A $25,000 reward has been offered in Los Angeles, California, for information that helps track down a hit-and-run motorist who dragged a cyclist for 200 yards in one of the city’s parks, leaving him with severe injuries that led to one of his legs having to be amputated.
Damian Kevitt suffered 20 broken bones after being dragged for 600 feet onto a freeway ramp by the vehicle during the incident, which took place in Griffith Park on the morning of Sunday February 17, reports CBS Los Angeles.
The severity of his injuries was such that doctors had to amputate his right leg below the knee, and there is a risk that they may also have to amputate his left foot. He will also need skin grafts to his buttocks, and his left elbow was cut to the bone, said Justin Hager, who has organised the leafleting.
Volunteers were due to hand out leaflets yesterday at the park – the largest municipal park in the United States – in a bid to track down the vehicle involved, believed to be a minivan, possibly a grey Toyota Sienna.
It is thought that the driver, who was wearing a soccer shirt, may have been visiting the park to play football.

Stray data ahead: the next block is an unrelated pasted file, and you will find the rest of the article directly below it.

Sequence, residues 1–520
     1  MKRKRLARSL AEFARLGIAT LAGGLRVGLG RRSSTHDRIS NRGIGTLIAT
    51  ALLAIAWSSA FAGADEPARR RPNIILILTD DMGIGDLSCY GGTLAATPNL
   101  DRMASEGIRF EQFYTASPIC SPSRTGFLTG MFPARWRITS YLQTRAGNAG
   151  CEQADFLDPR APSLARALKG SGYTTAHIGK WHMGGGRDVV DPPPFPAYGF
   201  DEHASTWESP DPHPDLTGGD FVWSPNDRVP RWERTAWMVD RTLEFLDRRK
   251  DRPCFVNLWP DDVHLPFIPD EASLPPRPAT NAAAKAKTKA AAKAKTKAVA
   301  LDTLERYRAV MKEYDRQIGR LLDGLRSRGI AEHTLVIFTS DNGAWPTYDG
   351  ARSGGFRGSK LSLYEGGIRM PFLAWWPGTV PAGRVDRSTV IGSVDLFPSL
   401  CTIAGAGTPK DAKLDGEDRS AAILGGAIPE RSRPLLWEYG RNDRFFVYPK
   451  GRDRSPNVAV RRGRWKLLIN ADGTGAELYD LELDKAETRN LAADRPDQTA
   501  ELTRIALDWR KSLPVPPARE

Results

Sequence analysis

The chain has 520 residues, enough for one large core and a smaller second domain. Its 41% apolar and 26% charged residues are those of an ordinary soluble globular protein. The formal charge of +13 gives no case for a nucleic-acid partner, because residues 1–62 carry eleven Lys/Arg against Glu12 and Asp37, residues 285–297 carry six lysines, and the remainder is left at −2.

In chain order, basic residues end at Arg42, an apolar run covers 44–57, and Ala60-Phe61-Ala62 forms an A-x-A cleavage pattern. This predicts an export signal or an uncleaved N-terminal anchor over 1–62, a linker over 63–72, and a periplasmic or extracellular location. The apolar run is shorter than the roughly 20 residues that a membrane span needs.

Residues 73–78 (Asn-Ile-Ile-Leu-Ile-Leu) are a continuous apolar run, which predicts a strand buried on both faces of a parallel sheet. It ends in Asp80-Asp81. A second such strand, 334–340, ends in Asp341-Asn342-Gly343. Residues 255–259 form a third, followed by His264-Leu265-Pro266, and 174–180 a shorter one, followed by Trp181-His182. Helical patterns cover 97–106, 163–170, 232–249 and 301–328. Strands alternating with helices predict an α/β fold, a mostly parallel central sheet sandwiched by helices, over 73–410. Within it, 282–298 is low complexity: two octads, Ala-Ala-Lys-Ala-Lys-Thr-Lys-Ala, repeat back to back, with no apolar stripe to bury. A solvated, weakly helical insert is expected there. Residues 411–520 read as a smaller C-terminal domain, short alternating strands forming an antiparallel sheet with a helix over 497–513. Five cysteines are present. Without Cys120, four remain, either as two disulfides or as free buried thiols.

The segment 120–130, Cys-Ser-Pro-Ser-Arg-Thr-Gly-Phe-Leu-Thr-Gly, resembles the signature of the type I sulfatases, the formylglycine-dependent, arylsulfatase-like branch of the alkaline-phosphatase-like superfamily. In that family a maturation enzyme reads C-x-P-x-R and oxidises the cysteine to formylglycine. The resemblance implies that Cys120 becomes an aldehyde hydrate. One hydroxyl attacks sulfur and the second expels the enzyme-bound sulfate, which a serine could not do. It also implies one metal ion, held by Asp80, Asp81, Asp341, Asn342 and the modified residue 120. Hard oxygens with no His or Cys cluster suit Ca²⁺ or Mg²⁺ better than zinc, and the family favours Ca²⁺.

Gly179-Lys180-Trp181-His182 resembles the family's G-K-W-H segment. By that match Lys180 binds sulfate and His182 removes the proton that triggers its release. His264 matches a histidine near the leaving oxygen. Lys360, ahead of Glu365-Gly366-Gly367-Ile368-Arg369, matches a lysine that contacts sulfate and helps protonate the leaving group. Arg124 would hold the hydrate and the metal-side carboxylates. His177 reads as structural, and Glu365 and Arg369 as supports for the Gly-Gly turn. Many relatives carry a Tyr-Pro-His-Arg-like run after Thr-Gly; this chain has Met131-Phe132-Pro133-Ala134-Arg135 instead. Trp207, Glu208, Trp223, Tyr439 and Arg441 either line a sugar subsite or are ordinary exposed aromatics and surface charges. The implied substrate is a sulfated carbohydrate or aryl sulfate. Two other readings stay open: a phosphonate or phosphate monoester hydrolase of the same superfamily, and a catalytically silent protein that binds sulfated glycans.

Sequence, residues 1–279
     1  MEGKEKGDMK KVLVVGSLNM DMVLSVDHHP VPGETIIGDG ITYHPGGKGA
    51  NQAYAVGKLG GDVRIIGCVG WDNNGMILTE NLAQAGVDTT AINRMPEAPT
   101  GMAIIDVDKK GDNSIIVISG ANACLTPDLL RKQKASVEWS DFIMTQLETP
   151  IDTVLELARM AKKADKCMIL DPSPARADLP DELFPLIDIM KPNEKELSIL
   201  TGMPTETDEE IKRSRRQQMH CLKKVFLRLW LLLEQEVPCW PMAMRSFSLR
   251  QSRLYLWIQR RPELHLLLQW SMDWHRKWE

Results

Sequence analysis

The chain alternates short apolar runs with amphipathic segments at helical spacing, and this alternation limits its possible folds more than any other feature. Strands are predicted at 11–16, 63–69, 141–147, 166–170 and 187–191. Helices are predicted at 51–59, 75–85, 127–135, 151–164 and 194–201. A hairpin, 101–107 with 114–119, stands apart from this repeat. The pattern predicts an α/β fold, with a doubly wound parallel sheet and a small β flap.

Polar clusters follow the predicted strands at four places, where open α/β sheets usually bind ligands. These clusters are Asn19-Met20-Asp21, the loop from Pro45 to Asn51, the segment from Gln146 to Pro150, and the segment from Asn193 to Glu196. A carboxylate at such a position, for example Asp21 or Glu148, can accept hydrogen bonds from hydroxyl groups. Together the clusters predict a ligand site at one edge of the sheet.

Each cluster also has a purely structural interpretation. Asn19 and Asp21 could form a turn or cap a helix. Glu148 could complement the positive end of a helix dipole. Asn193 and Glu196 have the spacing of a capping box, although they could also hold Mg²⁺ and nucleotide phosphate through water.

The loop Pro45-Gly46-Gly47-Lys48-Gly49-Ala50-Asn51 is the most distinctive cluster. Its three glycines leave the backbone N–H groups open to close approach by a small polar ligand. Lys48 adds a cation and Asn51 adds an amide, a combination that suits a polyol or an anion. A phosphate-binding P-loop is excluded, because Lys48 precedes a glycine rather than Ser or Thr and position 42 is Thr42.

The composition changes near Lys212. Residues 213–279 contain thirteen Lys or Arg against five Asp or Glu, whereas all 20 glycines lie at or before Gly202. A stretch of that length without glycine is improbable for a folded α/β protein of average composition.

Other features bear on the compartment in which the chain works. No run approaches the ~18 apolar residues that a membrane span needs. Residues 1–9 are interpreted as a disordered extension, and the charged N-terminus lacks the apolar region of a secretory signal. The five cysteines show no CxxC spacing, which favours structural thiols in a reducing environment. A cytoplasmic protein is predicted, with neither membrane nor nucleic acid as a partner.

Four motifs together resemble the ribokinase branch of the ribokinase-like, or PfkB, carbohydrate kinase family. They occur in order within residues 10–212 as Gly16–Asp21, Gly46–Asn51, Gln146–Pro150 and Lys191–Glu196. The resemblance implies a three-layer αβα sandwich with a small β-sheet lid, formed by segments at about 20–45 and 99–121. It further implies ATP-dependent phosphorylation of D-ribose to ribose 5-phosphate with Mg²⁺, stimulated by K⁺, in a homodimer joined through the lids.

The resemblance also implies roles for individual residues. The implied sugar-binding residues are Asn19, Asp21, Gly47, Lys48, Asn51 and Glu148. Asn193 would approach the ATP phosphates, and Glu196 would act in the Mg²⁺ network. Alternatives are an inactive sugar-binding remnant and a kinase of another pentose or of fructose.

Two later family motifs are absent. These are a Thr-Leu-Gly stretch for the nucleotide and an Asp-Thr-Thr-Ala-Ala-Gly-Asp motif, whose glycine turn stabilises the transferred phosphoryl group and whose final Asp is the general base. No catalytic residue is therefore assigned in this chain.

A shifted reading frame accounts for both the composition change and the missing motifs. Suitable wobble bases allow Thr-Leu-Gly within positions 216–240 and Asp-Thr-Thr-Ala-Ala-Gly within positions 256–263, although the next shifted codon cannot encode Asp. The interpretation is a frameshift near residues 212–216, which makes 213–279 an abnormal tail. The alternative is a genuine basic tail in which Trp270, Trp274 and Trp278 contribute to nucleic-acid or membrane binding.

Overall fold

The $25,000 reward, which has been offered by the City of Los Angeles and the California Highway Patrol, will go to anyone providing information that leads to the arrest and conviction of the motorist.
On the other side of the country, police in Miami are seeking a driver who killed a cyclist after striking him from behind early yesterday morning.
NBC Miami reports witnesses describing how the victim was dragged for 50 feet under the SUV involved before the motorist stopped his vehicle to dislodge the victim, then drove off at high speed.
Simon joined road.cc as news editor in 2009 and is now the site’s community editor, acting as a link between the team producing the content and our readers. A law and languages graduate, published translator and former retail analyst, he has reported on issues as diverse as cycling-related court cases, anti-doping investigations, the latest developments in the bike industry and the sport’s biggest races. Now back in London full-time after 15 years living in Oxford and Cambridge, he loves cycling along the Thames but misses having his former riding buddy, Elodie the miniature schnauzer, in the basket in front of him.